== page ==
Retail 4.0: How technology is driving the move from products to experiences
For a number of years now, the evolution of the Retail sector has typically been positioned as brick-and-mortar shops - including many longstanding fixtures of UK highstreets - fighting a losing battle against online retailers, such as the seemingly monolithic Amazon. However, the reality of the situation is not quite so clear cut…
The challenges of lockdown drive innovation
As with other sectors, the Retail organisations that have weathered the challenges of multiple lockdowns are the ones who have demonstrated ingenuity, persistence, and a willingness to innovate. For example, with most professionals working in city centres now working remotely, the coffee shops they would frequent daily were left with zero footfall. However, rather than simply close, forward-thinking coffee chains - such as Costa - simply collaborated with their technology partners to ensure their customers could continue to get their daily coffee while still adhering to COVID guidelines.
This meant the rapid roll-out of drive-through coffee shops around the country, and the deployment of digital menus and click-and-collect ordering - something which proved an instant hit with many customers.
Laying the technology foundation for a new kind of shopping experience
Of course, for these innovations to deliver their full potential, they must be built on a robust, scalable infrastructure that will ensure consistent performance and availability at sites across the UK, for all staff and customers. In order to guarantee a seamless deployment, with minimal disruption to the customer experience, new solutions must be properly integrated with legacy systems, without introducing any security vulnerabilities that could potentially be exploited. Furthermore, this new model for interconnected customer experiences will place considerable demands on connectivity, which means a high-performance network is vital. Taking these challenges into account, it is unsurprising that digital transformation has becoming a key priority for retailers, working closely with their technology partners to bring their infrastructure into this new era.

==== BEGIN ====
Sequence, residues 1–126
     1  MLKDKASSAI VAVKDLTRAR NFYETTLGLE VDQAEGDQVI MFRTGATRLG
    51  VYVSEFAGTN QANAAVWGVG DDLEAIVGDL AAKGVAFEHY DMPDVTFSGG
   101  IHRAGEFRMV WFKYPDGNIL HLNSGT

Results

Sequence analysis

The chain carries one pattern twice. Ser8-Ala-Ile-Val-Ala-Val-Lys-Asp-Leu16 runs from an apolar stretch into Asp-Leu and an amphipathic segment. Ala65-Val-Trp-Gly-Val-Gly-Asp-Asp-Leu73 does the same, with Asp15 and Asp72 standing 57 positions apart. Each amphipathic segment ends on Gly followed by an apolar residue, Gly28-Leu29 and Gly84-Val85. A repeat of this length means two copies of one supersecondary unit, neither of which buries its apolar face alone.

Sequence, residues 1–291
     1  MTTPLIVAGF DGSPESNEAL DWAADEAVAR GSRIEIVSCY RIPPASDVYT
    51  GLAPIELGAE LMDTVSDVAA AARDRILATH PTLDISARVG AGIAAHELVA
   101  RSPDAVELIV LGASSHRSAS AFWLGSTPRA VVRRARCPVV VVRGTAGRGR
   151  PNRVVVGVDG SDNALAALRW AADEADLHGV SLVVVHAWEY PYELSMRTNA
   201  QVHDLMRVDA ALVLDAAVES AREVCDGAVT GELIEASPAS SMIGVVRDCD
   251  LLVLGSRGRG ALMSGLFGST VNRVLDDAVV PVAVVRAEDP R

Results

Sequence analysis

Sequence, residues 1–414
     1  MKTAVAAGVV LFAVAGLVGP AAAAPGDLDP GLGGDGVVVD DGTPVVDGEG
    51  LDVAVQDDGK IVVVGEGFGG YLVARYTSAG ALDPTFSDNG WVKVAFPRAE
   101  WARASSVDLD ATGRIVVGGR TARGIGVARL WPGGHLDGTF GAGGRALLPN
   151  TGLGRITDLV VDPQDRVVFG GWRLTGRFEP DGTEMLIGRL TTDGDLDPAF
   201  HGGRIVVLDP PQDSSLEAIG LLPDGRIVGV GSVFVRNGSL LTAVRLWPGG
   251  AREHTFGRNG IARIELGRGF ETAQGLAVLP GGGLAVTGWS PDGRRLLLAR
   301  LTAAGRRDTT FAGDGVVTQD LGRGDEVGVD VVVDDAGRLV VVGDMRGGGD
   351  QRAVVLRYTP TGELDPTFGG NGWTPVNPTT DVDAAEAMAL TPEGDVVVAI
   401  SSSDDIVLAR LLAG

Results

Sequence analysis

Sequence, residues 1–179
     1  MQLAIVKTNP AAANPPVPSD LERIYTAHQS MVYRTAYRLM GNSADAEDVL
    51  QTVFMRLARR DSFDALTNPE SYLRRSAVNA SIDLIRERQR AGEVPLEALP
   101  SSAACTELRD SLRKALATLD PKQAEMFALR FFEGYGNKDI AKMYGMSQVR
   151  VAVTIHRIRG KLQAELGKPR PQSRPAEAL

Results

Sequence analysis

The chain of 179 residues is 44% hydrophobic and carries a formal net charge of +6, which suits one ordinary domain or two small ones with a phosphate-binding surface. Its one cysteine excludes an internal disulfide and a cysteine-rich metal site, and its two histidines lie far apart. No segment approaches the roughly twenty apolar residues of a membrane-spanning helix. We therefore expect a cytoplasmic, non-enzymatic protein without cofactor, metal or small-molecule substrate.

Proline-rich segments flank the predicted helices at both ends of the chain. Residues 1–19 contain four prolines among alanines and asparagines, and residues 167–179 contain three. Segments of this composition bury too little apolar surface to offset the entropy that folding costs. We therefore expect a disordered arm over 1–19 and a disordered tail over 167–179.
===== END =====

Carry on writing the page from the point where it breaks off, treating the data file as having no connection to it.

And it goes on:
Delivering immersive, premium-quality experiences through technology
Although this way of making coffee more widely available, while adhering social distancing requirements, initially demonstrated how the Retail sector managed the challenges of lockdown, it soon opened a number of new doors where customer experience was concerned. The implementation of these technologies delivered seamless, convenient experiences, which is just the start of what is truly possible across the sector.
With more advanced innovations, manipulating data to enhance service quality and provide personalised shopping experiences can further add to an increase in customer satisfaction, brand loyalty, and repeat visits.
We are already seeing these principles put into practice at a number of pioneering forecourts across the UK, where the use of remote payments and digital menus will allow for a deep insight into customer behaviour, allowing for truly personalised, bespoke experiences to be automated. For example, when a visitor connects to charge their car, their regular coffee could be automatically ordered for them, or even a booking made at the gym, or one of the featured restaurants. In this way, the Retail sector will be able to maintain that all-important human touch, while simultaneously introducing a level of efficiency that would previously have been inconceivable.
Turning visitors into repeat customers
With online shopping now omnipresent in our lives, it is easier than ever for consumers to access the products they want, whenever they want them - often with a single click. However, in spite of the convenience this offers, it's no subject for a personalised, immersive experience, tailored to each customer's tastes and requirements, with digital signage and real-time pricing updates. While the past two years of technological innovation across the Retail sector may have initially been to maintain business-as-usual as much as possible, they have provided retailers with a wide range of powerful tools to reinforce this, and ensure customers return just as much for the experience as the products and services.
With this philosophy in place, and the technology infrastructure to support it, the high street will be set to not just survive, but thrive in the emerging post-COVID world.
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